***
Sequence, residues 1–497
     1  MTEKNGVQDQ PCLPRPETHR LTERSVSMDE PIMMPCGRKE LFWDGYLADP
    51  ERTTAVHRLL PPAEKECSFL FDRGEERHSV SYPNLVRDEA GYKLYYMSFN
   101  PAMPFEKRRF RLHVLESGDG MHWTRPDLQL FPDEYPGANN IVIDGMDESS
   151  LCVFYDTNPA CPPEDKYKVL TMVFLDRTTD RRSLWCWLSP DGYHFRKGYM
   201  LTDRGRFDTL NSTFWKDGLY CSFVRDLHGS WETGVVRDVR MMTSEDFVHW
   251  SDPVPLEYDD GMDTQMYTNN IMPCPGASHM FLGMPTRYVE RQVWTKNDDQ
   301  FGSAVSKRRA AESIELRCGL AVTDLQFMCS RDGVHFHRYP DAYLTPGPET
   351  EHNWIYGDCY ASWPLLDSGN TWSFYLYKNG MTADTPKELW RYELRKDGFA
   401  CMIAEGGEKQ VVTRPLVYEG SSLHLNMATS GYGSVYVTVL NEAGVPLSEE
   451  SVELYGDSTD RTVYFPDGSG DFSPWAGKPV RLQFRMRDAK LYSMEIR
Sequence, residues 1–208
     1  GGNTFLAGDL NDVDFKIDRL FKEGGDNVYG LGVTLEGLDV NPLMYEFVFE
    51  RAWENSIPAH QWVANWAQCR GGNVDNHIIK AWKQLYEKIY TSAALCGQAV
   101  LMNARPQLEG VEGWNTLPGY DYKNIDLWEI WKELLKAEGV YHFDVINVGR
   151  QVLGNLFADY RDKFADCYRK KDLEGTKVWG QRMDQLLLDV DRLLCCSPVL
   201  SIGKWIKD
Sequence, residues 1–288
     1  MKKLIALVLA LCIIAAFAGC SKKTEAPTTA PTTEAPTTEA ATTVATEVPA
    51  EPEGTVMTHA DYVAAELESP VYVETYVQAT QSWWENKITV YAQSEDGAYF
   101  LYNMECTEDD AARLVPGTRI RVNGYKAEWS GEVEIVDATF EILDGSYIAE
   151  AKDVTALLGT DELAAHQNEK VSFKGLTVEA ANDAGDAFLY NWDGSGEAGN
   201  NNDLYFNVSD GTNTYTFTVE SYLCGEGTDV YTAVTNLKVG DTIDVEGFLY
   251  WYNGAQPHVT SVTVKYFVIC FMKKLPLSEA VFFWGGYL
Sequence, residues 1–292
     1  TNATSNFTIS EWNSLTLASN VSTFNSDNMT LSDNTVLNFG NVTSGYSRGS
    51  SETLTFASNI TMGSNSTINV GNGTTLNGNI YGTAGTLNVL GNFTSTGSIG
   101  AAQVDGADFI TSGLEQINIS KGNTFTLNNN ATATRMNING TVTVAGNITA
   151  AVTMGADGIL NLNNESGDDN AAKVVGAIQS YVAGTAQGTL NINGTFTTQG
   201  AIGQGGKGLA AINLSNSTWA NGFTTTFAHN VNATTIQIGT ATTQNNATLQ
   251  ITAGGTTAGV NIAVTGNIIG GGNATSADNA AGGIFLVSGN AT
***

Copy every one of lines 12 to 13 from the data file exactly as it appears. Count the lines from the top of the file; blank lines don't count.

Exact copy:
Sequence, residues 1–208
     1  GGNTFLAGDL NDVDFKIDRL FKEGGDNVYG LGVTLEGLDV NPLMYEFVFE